Growth forecast to be revised downward: Chief economic advisor

Several multilateral agencies have revised the growth forecast for India downward for the current year. While IMF has lowered its projection to 8.2% from 8.4% for 2011, ADB said India's growth will slow to 8.2% in 2011-12, from earlier estimated 8.7%, on high oil prices

New Delhi: Describing the current level of inflation as "unacceptable", chief economic advisor in the finance ministry Kaushik Basu today indicated the government will revise downward the growth forecast for 2011-12, reports PTI.

According to the government's forecasts given in the Budget, the Indian economy was projected to grow by 9% in the current fiscal (2011-12), against 8.6% in the last fiscal.

However, the Reserve Bank of India (RBI) has reduced the growth estimates to 8% in the face of tight monetary policy to check the near 9% rate of inflation.

"All over the world there has been revision (growth prospects)… So we might go in for a revision. Obviously, it is not going to be upwards," Mr Basu told reporters here.

Several multilateral agencies have revised the growth forecast for India downward for the current year. While IMF has lowered the projection to 8.2% from 8.4% for 2011, ADB said India's growth will slow to 8.2% in 2011-12, from earlier estimated 8.7%, on high oil prices.

While the government generally takes a mid-year stock of the economy, the finance ministry would begin reviewing the targets by the end of this month, he said.

While stating inflation remains at "unacceptably high" level, Mr Basu said "I am expecting it will dip down a bit".

The general inflation for March was 8.98%. Mr Basu said the inflation for April would be "definitely below nine per cent" while not indicating the level.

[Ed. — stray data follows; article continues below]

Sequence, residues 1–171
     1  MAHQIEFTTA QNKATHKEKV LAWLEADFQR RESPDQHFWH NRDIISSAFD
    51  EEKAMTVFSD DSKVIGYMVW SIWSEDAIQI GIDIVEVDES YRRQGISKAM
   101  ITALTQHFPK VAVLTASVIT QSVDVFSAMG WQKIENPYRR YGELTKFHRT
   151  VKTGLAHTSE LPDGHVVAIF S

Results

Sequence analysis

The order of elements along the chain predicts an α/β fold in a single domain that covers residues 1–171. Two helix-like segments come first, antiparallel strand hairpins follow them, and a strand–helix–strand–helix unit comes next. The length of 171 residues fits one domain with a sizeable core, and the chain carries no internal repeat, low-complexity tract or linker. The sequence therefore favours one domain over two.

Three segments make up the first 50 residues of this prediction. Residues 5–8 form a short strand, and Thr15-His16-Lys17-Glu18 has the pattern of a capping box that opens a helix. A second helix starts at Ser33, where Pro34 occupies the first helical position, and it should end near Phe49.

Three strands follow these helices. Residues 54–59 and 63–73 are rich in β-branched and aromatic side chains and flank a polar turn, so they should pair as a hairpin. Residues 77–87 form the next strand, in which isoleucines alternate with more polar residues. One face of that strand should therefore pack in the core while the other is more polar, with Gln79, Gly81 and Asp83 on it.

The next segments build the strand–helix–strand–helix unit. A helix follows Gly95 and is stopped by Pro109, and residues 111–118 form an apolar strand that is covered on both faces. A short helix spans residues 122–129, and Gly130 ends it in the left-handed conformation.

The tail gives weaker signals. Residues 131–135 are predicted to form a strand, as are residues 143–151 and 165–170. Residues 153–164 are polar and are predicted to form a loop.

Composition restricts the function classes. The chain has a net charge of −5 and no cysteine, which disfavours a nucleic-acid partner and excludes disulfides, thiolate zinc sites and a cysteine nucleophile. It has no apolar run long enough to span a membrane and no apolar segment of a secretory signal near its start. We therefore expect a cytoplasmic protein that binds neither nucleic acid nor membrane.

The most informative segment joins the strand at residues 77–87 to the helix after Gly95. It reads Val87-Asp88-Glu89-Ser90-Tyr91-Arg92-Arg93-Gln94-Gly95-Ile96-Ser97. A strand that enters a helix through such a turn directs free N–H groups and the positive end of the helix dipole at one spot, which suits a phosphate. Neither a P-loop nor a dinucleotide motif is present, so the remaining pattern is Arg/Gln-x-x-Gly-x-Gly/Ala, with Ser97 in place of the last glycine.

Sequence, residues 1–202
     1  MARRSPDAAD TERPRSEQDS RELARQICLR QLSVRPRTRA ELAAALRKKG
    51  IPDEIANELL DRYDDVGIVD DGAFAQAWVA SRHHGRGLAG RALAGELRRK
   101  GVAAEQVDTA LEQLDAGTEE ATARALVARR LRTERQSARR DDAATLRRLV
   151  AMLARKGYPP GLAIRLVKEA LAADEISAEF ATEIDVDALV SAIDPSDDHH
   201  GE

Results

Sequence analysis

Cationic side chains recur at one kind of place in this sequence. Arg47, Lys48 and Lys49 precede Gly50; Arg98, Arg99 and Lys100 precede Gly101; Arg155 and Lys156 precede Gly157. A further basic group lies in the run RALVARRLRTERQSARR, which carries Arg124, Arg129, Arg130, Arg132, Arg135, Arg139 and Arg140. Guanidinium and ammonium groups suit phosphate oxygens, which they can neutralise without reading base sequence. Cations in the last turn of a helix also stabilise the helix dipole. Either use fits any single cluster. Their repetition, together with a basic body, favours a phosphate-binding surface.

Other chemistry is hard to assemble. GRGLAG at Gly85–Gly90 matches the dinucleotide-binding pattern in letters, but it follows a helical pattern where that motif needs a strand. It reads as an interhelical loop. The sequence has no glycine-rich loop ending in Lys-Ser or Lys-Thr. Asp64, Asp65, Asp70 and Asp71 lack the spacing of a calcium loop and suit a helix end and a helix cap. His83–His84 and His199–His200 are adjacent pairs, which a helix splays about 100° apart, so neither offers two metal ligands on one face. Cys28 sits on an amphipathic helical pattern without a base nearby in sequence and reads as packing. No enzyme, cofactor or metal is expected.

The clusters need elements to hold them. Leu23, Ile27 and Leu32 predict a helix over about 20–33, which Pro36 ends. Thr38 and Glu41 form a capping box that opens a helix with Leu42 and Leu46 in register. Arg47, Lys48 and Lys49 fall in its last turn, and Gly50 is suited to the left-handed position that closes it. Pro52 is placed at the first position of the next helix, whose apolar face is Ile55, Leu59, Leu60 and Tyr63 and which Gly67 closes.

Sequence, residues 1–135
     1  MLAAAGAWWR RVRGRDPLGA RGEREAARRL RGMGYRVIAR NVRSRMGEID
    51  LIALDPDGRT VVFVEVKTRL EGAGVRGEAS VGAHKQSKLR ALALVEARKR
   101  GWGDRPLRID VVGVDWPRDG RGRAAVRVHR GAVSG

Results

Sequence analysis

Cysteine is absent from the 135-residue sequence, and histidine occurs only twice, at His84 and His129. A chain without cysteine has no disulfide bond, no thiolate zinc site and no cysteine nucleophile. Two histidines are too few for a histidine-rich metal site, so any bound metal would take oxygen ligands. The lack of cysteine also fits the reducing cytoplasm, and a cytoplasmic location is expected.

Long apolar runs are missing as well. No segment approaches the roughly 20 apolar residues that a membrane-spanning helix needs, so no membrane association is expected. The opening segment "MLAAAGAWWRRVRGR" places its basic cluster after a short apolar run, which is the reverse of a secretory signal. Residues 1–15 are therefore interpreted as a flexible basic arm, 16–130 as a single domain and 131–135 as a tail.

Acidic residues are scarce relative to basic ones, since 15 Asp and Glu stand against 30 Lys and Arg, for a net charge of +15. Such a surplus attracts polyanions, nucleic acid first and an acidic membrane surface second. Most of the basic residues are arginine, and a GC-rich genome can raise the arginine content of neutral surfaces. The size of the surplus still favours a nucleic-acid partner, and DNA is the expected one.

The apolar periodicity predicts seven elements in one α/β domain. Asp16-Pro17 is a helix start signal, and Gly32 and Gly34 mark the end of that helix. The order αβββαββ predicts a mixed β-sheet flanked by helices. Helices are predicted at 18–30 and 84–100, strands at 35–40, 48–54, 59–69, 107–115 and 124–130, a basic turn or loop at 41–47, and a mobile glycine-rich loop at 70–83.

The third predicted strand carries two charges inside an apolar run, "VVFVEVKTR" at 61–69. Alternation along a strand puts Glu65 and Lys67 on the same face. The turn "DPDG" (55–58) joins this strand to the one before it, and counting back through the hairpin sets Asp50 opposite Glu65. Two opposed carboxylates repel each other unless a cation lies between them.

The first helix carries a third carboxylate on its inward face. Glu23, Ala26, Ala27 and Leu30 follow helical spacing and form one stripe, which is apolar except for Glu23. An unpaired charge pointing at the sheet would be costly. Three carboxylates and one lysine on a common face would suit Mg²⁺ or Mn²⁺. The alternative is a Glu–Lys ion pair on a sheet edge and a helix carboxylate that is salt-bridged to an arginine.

However, Mr Basu's optimism was not in line with RBI's projections about inflation. The central bank in its annual credit policy said the level of price rise would remain "elevated" till September.

An inter-ministerial group set up at the behest of prime minister Manmohan Singh in February will be meeting tomorrow to take stock of the price situation, especially of the essential commodities. Mr Basu heads the panel and tomorrow's meeting may be attended by RBI governor D Subbarao.

Mr Basu said the inflation has become a global phenomenon, more so in Asia with money flowing in from the developed countries.

Calling for a global coordination to mitigate the problem of rising prices, he said each country is following policies suited to it rather than finding common solutions.

To rein in the inflation, the RBI has hiked policy rates nine times since March 2010. More so the inflation in food items is spilling over to the manufactured items category.

On the issue of growth-inflation trade-off, RBI had said "high and persistent inflation undermines growth by creating uncertainty for investors and driving up inflation expectations."

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Bank credit up 22%, deposits rise 17.5%

The RBI, in its annual monetary policy announced earlier this week, had said that credit is likely to rise at a faster pace because of the economy's growth momentum

Mumbai: Credit offtake from banks grew by over 22% for the one year period ended 22 April 2011, to over Rs40 lakh crore, indicating an upswing in the industrial activity, reports PTI.

According to latest Reserve Bank of India (RBI) data, credit offtake during the period stood at Rs40.39 lakh crore against Rs33.10 lakh crore in the same period of previous year.

During the period, deposits went up to over Rs54.70 lakh crore from Rs46.56 lakh crore as on 23 April 2010, the data showed. This is a rise of about 17.47% on an annual basis.

The RBI, in its annual monetary policy announced earlier this week, had said that credit is likely to rise at a faster pace because of the economy's growth momentum.

"Sustained growth momentum could... continue to exert pressure on interest rates through high demand for credit," it had said.

During the last fiscal, bank credit had increased by 21.5%, while deposits grew by only 15.5%. In its monetary policy for 2010-11, the RBI had estimated credit growth of 20% for the fiscal, while deposit growth was pegged at 17%.

However, in December 2010 the apex bank expressed concern over the widening ratio between credit and deposit rates of banks. Towards the end of last fiscal, however, the gap in the credit-deposit ratio stood reduced.

This time the central bank has not made any projections for growth in credit or deposits for this fiscal.

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